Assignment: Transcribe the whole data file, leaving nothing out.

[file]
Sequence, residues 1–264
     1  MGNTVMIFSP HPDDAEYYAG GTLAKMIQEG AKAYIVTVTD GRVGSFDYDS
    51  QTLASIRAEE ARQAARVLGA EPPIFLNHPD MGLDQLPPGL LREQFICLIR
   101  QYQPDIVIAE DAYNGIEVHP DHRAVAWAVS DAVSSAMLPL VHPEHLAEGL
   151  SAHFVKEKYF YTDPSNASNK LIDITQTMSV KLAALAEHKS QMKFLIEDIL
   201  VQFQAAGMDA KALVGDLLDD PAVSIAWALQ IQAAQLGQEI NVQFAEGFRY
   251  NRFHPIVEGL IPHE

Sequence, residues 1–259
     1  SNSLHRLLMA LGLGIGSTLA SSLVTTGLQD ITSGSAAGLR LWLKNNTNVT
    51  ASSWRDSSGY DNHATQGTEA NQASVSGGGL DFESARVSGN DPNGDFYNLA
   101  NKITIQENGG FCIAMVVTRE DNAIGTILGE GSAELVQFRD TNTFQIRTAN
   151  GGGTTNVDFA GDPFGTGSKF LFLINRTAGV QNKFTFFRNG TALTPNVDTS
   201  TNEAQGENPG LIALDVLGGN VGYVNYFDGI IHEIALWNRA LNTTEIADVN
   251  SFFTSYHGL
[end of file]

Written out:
Sequence, residues 1–264
     1  MGNTVMIFSP HPDDAEYYAG GTLAKMIQEG AKAYIVTVTD GRVGSFDYDS
    51  QTLASIRAEE ARQAARVLGA EPPIFLNHPD MGLDQLPPGL LREQFICLIR
   101  QYQPDIVIAE DAYNGIEVHP DHRAVAWAVS DAVSSAMLPL VHPEHLAEGL
   151  SAHFVKEKYF YTDPSNASNK LIDITQTMSV KLAALAEHKS QMKFLIEDIL
   201  VQFQAAGMDA KALVGDLLDD PAVSIAWALQ IQAAQLGQEI NVQFAEGFRY
   251  NRFHPIVEGL IPHE

Sequence, residues 1–259
     1  SNSLHRLLMA LGLGIGSTLA SSLVTTGLQD ITSGSAAGLR LWLKNNTNVT
    51  ASSWRDSSGY DNHATQGTEA NQASVSGGGL DFESARVSGN DPNGDFYNLA
   101  NKITIQENGG FCIAMVVTRE DNAIGTILGE GSAELVQFRD TNTFQIRTAN
   151  GGGTTNVDFA GDPFGTGSKF LFLINRTAGV QNKFTFFRNG TALTPNVDTS
   201  TNEAQGENPG LIALDVLGGN VGYVNYFDGI IHEIALWNRA LNTTEIADVN
   251  SFFTSYHGL